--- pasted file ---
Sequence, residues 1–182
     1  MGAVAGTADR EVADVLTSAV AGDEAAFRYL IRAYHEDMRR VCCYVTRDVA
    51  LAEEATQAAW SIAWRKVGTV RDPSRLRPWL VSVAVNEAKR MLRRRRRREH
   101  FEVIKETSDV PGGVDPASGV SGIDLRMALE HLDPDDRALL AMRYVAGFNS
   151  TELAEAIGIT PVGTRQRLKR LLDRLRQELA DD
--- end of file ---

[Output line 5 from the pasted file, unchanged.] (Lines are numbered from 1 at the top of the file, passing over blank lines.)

   151  TELAEAIGIT PVGTRQRLKR LLDRLRQELA DD